Apart from the daily Mass conundrum, concelebration for major solemnities would seem appropriate, certainly Holy Thursday, Midnight Mass, and the Easter Vigil.
But in today’s Church in most places, I don’t think concelebration is a huge problem.
Concelebration can be a problem at events like Papal funerals, Consistories, or the Eucharistic Congress in Dublin, Ireland, in June. (www.iec2012.ie) Some priests of Dublin diocese have voiced the hope that there will not be phalanx of 100 or more robed bishops at the closing event of the Congress, the Statio Orbis. We are assured that there will be good lay representation, but somehow that does not reassure me.
Anthony: How would you arrange the celebration?
The mission of the ordained priesthood is to serve the priesthood of the whole Body of Christ. This is the aspect that badly needs to find more effective expression in liturgy.
Ordained priests and bishops are about 0.0404% of the church. The other 99.9596% is rather a large elephant outside the sanctuary.
Concelebrations at the Parish level are rare except for Holy Week services when there is one service but more than one priest. When there are 2 or 3 priests from a parish, it is more like “co-consecration” rather than a “concelebration” of many priests with the bishop, or of many bishops that image diocesan or supra-diocesan churches.
The only “concelebration” at the parish level that I have witnessed was a concelebration of Vespers at the local Orthodox Church. During Lent the Orthodox Deanery has Vespers each Sunday evening at a different church. Priests and people come from surrounding parishes, and have a social afterwards.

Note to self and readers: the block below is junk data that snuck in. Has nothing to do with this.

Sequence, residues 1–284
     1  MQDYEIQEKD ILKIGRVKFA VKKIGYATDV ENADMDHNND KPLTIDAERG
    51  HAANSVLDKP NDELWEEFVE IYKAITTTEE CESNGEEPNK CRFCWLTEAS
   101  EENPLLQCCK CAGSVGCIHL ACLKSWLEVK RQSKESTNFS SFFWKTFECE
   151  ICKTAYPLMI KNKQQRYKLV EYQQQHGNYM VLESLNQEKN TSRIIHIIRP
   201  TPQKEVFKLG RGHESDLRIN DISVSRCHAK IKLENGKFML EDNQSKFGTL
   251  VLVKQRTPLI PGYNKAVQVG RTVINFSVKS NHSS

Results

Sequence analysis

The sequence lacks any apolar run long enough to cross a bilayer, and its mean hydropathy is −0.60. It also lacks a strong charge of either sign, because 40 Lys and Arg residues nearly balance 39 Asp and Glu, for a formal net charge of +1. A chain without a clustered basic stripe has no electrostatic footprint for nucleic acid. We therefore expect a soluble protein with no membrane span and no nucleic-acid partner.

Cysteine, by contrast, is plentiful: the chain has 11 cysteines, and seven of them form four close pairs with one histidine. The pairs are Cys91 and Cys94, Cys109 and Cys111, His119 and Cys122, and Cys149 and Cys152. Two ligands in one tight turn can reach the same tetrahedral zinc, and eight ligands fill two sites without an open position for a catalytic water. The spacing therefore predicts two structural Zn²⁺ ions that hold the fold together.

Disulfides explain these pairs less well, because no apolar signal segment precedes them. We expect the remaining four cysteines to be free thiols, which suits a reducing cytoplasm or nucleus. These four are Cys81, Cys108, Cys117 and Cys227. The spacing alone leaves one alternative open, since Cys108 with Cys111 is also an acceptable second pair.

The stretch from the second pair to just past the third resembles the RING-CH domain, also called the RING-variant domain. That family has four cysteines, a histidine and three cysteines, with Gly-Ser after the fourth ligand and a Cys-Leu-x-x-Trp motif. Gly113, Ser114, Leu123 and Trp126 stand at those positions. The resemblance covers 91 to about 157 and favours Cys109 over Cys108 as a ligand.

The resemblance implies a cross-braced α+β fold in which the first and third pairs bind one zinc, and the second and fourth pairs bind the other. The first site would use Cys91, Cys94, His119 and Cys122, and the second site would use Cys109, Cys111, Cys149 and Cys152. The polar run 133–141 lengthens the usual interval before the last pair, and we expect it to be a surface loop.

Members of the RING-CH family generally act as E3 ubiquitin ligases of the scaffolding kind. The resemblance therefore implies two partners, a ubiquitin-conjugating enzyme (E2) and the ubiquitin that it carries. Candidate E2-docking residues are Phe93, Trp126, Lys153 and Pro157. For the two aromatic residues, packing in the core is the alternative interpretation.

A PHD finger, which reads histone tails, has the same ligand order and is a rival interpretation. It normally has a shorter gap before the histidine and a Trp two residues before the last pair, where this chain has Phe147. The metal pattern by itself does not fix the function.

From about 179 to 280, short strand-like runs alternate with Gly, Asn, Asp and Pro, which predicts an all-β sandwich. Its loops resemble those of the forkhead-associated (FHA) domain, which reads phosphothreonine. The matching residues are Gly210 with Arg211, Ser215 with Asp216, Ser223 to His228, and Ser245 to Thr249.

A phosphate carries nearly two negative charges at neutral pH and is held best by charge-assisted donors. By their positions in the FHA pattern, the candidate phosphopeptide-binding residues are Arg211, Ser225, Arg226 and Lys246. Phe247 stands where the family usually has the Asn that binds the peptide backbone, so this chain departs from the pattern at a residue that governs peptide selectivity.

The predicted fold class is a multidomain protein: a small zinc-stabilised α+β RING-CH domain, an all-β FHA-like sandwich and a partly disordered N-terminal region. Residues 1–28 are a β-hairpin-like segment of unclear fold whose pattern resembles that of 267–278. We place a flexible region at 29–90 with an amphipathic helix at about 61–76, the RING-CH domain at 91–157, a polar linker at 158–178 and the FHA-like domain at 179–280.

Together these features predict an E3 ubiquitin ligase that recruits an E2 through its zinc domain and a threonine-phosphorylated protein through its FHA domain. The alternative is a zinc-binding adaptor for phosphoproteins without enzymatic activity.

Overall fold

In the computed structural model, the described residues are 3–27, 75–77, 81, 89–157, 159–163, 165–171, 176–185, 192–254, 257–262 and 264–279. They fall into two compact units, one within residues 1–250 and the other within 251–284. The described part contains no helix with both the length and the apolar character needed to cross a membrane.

Seven priests vested in copes gave the impression of a “diocesan” like gathering even without a bishop. Since the celebration was followed by a deanery gathering including the laity, it did not have a strong clerical flavor.
With many dioceses adopting the clustering and collaboration of parishes, perhaps we should think of “concelebration” as making present a more diocesan, supra-parish or deanery gathering.
The Orthodox Vespers provides a good model. Given fewer priests, there are going to be few opportunities for concelebration of the Eucharist. However Evening or Morning Prayer could easily begin or end many collaborative events among parishes.
The Liturgy of the Hours provides the ability to feature the concelebration of not only priests and deacons but also pastoral associates, e.g. as readers and preachers, and music ministers as cantors.
In terms of “solemnity” we ought to think of these “concelebrations” as occasions of higher solemnity even if the liturgy of the day does not require it. The Orthodox Vespers concelebration celebrated the deanery more than the liturgical occasion. Sunday evening was a convenient occasion since most parishes have a Vigil (Vespers plus Matins) on Saturday evening but nothing on Sunday evening.